Aesop Rock None Shall Pass(Definitive Jux) Buy it from Insound
Aesop Rock is still angry. Maybe not as in-your-face furious as on his last album, the absurdly bombastic Bazooka Tooth, but he's still far from pleased with the state of the world, spitting out his phrases with ever-so-slightly restrained venom.
Aesop is also still smart as fuck, probably smarter than you, and he's still very willing to show off this fact. Every track on None Shall Pass features the stunningly intricate web of associations, metaphors, images, and intricate wordplay that has become his trademark, and he shows no sign of slowing down. Ease of comprehension on the part of the listener is clearly not his goal here, and the album, like all of his, is better for it. That moment when, for the listener, the web of seemingly-disparate phrases that populate a song coalesce into a unified whole is endlessly thrilling. I feel like I've accomplished something.
So has anything changed from his previous albums to his newest? Sometime before the release of his newest album, Aesop Rock mentioned that he was interested in writing more story based songs, in the vein of No Regrets from his stunning Labor Days. There are certainly more story songs on his newest album, though none approach the simple lucidity of the wonderful No Regrets, which remains an anomaly in Aesop's career. Rather, the stories told on this release are draped in Aesop's trademark lyrical abstraction peppered with hints of surrealism and absurdity. There's a definite story of addiction, loss, and anger residing somewhere within the stew of images that make up Fumes, but the details of its plot are far from specific. In the end, the increased presence of stories barely registers as unusual, as covered in Aesop's standard techniques as it is.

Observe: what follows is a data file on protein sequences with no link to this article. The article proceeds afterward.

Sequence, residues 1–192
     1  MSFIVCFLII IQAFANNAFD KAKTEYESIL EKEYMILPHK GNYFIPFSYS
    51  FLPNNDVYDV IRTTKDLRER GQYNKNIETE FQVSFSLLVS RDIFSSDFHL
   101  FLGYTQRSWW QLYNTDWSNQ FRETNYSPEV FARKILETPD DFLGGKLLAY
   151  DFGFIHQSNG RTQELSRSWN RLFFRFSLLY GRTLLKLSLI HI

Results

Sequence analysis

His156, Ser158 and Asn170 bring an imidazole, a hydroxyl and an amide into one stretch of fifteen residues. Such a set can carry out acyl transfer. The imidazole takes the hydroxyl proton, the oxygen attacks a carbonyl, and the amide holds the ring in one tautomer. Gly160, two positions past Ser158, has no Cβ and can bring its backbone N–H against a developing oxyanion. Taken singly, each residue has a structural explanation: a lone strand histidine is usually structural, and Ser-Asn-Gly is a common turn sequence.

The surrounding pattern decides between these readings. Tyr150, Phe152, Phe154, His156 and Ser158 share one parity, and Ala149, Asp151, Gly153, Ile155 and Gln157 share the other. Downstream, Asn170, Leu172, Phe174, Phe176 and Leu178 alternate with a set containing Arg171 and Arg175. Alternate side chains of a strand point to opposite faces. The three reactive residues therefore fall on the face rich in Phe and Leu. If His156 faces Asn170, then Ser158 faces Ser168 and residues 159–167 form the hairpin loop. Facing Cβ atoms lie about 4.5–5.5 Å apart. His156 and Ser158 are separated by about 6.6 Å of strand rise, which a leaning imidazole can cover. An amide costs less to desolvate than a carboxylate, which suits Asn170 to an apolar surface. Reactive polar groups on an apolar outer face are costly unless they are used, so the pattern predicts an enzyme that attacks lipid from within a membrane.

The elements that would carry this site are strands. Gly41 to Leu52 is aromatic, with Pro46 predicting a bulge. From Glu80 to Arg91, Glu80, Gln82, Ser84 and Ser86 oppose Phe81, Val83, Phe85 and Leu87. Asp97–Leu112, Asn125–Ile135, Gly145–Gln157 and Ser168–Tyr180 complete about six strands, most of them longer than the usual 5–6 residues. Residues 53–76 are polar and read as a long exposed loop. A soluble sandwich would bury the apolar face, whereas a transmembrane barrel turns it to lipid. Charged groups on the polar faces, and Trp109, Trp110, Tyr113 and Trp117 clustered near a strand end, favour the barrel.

The production, provided largely by Labor Days' Blockhead, with a few tunes handled by El-P or Aesop himself, straddles the divide between the laid-back classical samples that made up the bulk of Labor Days and the chopped up funk of Bazooka Tooth and the Fast Cars, Danger, Fire and Knives EP, as well as throwing some live instrumentation into the mix, often provided by Aesop's wife Alyson. Often, uptempo drum tracks contrast with relaxed guitar lines, as in the title providing a interesting of aggression and restraint which mirrors Aesop's delivery throughout the album. While not as thrillingly original as the production on other indie hip-hop albums, it's just different enough from Aesop's other albums to provide a new nuance to his flow. The furious guitar and bass led stomp of Coffee sounds like nothing he's ever rapped over, and the introduction of nasally melodic vocals provided by John Darnielle of the Mountain Goats, though initially jarring, is ultimately almost revelatory.
The album isn't without its faults - its probably too long, and though the production may differ from other albums, it blurs together somewhat over the course of the album. However, there's one song on this album that renders all such complaints irrelevant - the title track. None Shall Pass is undoubtedly one of the best things Aesop has ever done, ranking right up there with Labor Days' Daylight. Its gorgeously catchy bells and guitar led beat merges with some of the most subtle and enjoyable lyrics and delivery in Aesop's career. For this one undeniably fantastic track alone, None Shall Pass is worth a listen.27 October, 2007 - 18:09 — Jeff Rovinelli